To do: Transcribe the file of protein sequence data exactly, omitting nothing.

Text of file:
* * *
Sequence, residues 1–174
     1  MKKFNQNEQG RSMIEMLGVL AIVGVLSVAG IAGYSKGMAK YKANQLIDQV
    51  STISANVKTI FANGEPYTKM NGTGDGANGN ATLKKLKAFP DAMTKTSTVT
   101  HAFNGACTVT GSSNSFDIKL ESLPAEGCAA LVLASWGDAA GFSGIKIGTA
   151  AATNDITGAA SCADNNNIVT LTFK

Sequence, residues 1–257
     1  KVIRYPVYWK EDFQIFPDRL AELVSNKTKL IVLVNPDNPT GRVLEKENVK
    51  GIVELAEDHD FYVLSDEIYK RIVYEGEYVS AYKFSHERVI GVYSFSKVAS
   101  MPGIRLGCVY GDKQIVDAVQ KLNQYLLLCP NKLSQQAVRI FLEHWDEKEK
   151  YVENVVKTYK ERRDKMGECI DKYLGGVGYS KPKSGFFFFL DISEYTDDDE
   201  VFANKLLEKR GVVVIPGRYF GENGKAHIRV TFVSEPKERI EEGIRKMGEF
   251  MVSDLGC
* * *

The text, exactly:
Sequence, residues 1–174
     1  MKKFNQNEQG RSMIEMLGVL AIVGVLSVAG IAGYSKGMAK YKANQLIDQV
    51  STISANVKTI FANGEPYTKM NGTGDGANGN ATLKKLKAFP DAMTKTSTVT
   101  HAFNGACTVT GSSNSFDIKL ESLPAEGCAA LVLASWGDAA GFSGIKIGTA
   151  AATNDITGAA SCADNNNIVT LTFK

Sequence, residues 1–257
     1  KVIRYPVYWK EDFQIFPDRL AELVSNKTKL IVLVNPDNPT GRVLEKENVK
    51  GIVELAEDHD FYVLSDEIYK RIVYEGEYVS AYKFSHERVI GVYSFSKVAS
   101  MPGIRLGCVY GDKQIVDAVQ KLNQYLLLCP NKLSQQAVRI FLEHWDEKEK
   151  YVENVVKTYK ERRDKMGECI DKYLGGVGYS KPKSGFFFFL DISEYTDDDE
   201  VFANKLLEKR GVVVIPGRYF GENGKAHIRV TFVSEPKERI EEGIRKMGEF
   251  MVSDLGC